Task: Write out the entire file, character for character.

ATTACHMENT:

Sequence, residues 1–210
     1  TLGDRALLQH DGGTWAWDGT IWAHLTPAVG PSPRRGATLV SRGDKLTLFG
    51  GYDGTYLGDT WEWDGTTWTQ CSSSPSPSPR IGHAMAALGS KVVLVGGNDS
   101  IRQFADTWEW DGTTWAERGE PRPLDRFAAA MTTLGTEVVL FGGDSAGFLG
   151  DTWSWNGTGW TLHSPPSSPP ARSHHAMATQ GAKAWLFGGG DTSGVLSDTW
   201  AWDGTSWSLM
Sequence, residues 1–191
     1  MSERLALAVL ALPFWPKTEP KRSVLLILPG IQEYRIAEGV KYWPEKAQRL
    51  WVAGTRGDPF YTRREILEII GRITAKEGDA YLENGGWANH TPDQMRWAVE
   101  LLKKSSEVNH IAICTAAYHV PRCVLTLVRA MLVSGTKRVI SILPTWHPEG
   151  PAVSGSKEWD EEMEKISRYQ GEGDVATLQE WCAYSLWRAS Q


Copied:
Sequence, residues 1–210
     1  TLGDRALLQH DGGTWAWDGT IWAHLTPAVG PSPRRGATLV SRGDKLTLFG
    51  GYDGTYLGDT WEWDGTTWTQ CSSSPSPSPR IGHAMAALGS KVVLVGGNDS
   101  IRQFADTWEW DGTTWAERGE PRPLDRFAAA MTTLGTEVVL FGGDSAGFLG
   151  DTWSWNGTGW TLHSPPSSPP ARSHHAMATQ GAKAWLFGGG DTSGVLSDTW
   201  AWDGTSWSLM
Sequence, residues 1–191
     1  MSERLALAVL ALPFWPKTEP KRSVLLILPG IQEYRIAEGV KYWPEKAQRL
    51  WVAGTRGDPF YTRREILEII GRITAKEGDA YLENGGWANH TPDQMRWAVE
   101  LLKKSSEVNH IAICTAAYHV PRCVLTLVRA MLVSGTKRVI SILPTWHPEG
   151  PAVSGSKEWD EEMEKISRYQ GEGDVATLQE WCAYSLWRAS Q